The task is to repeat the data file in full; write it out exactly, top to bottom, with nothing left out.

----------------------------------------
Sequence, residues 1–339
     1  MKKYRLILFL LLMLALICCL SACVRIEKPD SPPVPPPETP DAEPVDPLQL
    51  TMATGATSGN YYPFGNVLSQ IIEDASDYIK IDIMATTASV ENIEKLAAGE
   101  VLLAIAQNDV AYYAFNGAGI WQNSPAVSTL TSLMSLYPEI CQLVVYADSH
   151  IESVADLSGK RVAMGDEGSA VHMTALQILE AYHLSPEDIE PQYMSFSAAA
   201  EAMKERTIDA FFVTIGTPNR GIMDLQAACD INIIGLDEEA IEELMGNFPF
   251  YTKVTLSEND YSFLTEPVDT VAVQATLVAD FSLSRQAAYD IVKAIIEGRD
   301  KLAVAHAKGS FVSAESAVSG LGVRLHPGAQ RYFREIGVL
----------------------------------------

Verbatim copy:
Sequence, residues 1–339
     1  MKKYRLILFL LLMLALICCL SACVRIEKPD SPPVPPPETP DAEPVDPLQL
    51  TMATGATSGN YYPFGNVLSQ IIEDASDYIK IDIMATTASV ENIEKLAAGE
   101  VLLAIAQNDV AYYAFNGAGI WQNSPAVSTL TSLMSLYPEI CQLVVYADSH
   151  IESVADLSGK RVAMGDEGSA VHMTALQILE AYHLSPEDIE PQYMSFSAAA
   201  EAMKERTIDA FFVTIGTPNR GIMDLQAACD INIIGLDEEA IEELMGNFPF
   251  YTKVTLSEND YSFLTEPVDT VAVQATLVAD FSLSRQAAYD IVKAIIEGRD
   301  KLAVAHAKGS FVSAESAVSG LGVRLHPGAQ RYFREIGVL